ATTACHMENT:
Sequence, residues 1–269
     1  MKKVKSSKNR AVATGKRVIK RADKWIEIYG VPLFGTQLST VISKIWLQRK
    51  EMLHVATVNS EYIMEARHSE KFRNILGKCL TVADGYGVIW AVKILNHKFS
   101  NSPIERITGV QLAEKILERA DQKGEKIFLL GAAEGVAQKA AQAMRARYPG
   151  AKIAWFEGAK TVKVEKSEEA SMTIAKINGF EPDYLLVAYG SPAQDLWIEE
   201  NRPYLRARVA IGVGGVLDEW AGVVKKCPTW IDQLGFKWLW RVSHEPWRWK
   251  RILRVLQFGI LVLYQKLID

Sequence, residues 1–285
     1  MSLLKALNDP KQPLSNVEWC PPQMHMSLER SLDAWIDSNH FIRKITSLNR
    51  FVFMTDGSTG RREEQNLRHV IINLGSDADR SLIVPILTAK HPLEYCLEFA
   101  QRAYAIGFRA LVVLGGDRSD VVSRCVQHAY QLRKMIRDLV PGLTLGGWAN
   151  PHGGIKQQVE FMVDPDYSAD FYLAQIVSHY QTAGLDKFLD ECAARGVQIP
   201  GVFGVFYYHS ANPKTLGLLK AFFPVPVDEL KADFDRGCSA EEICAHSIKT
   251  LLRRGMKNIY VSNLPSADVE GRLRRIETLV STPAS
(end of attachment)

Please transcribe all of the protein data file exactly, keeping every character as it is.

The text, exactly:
Sequence, residues 1–269
     1  MKKVKSSKNR AVATGKRVIK RADKWIEIYG VPLFGTQLST VISKIWLQRK
    51  EMLHVATVNS EYIMEARHSE KFRNILGKCL TVADGYGVIW AVKILNHKFS
   101  NSPIERITGV QLAEKILERA DQKGEKIFLL GAAEGVAQKA AQAMRARYPG
   151  AKIAWFEGAK TVKVEKSEEA SMTIAKINGF EPDYLLVAYG SPAQDLWIEE
   201  NRPYLRARVA IGVGGVLDEW AGVVKKCPTW IDQLGFKWLW RVSHEPWRWK
   251  RILRVLQFGI LVLYQKLID

Sequence, residues 1–285
     1  MSLLKALNDP KQPLSNVEWC PPQMHMSLER SLDAWIDSNH FIRKITSLNR
    51  FVFMTDGSTG RREEQNLRHV IINLGSDADR SLIVPILTAK HPLEYCLEFA
   101  QRAYAIGFRA LVVLGGDRSD VVSRCVQHAY QLRKMIRDLV PGLTLGGWAN
   151  PHGGIKQQVE FMVDPDYSAD FYLAQIVSHY QTAGLDKFLD ECAARGVQIP
   201  GVFGVFYYHS ANPKTLGLLK AFFPVPVDEL KADFDRGCSA EEICAHSIKT
   251  LLRRGMKNIY VSNLPSADVE GRLRRIETLV STPAS